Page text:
To enhance the community feeling in-game, you can start up your own (registered) clan and manage it as well as make a friends list so you can see who’s online and where they are playing. All quite fun and makes playing together a lot easier.
Technically, ET:QW is a pretty decent game. By now there are games that have better graphics, but if you compare the shear speed and perfection of detail (as well as absence of all too annoying bugs) with other titles you’ll have to admit that Splash Damage did an excellent job with this one. Quake Wars plays fast, really fast, and you don’t even need to have a 10.000 euro system to be able to enjoy it in all its glory. Quite an accomplishment if you ask me but not really shocking seeing that we already reported in our preview that the MegaPixel technology did an excellent job on that part. Also the sound is decent and you’ll have no problem identifying where your team members as well as the hostiles are. Voices and effects are as they should but that probably won’t surprise anyone.
I haven’t mentioned many negative points and that’s with reason: there aren’t that many. In fact, there’s only one thing that really bothers me about this game and that’s the server browser. For a multiplayer-only title this one is really way too simple. Not that you don’t find what you’re looking for, but even Call of Duty 2 managed to have more options. And that, dear reader, was a single player game with a multiplayer component…
Another thing I’ve noticed quite often already is the fact that even seconds after refreshing, you can try to join a server to find out it’s offline. This may happen now and then, but it’s not something you would expect on a regular basis from ranked servers, let alone from major server farms like ID3.net, Jolt or 4Netplayers. A server doesn’t get found, then suddenly appears to be offline for a couple of seconds and then out of the blue “reappears” with the next refresh seconds later? Fishy!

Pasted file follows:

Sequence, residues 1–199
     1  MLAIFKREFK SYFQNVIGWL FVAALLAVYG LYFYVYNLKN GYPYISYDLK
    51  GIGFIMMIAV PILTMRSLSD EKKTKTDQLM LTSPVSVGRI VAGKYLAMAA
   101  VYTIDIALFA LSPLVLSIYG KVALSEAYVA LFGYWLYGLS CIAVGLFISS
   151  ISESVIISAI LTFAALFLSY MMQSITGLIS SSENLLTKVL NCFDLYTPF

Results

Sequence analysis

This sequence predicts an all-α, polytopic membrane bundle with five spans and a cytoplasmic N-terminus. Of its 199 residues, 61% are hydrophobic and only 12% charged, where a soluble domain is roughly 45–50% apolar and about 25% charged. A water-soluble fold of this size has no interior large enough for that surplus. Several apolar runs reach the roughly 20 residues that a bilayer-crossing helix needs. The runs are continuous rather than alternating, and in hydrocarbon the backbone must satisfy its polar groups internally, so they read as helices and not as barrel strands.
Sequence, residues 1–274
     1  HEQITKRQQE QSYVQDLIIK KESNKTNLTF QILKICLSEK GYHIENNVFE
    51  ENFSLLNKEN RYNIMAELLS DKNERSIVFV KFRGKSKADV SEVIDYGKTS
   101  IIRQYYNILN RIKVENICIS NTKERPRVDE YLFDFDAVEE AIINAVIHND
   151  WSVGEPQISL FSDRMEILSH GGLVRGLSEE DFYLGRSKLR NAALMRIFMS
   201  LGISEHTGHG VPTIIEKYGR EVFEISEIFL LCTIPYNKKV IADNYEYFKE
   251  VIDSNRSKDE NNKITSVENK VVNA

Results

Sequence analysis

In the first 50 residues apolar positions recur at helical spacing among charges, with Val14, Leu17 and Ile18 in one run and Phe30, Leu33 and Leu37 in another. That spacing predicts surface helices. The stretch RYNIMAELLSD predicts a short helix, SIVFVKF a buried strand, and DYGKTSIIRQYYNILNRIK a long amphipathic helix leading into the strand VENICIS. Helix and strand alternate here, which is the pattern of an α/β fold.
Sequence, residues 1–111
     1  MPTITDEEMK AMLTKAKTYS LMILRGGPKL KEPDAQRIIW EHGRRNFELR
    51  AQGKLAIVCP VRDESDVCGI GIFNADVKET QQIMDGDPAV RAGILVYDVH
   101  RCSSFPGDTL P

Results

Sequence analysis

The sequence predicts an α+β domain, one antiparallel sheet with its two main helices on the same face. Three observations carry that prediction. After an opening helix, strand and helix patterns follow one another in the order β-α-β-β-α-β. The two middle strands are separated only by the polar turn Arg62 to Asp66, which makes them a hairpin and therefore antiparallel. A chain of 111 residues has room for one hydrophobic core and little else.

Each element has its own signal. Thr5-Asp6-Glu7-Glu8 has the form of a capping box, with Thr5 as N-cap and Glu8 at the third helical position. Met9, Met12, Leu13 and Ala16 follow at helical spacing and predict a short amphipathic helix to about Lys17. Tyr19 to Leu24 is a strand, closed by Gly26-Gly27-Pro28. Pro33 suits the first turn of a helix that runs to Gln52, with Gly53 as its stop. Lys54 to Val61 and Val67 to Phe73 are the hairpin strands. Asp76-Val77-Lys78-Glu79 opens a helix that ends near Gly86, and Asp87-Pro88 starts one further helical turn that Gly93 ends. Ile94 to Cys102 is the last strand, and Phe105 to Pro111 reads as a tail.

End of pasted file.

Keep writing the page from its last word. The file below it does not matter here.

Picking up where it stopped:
I could go on and on and tell you about every little detail that’s present in Enemy Territory: Quake Wars but in the end the only thing you need to know is whether this game is fun to play and worth your money. The answer to that is plain and simple: yes!
In the introduction I started with a recipe and raised the question how it tastes. Well, just imagine Quake combined with the multiplayer of Enemy Territory added with reasonable low system requirements and a whole experience/achievements system that makes you think of Xbox Live and the taste you’ll get is that of a steak béarnaise for the price of a cheeseburger.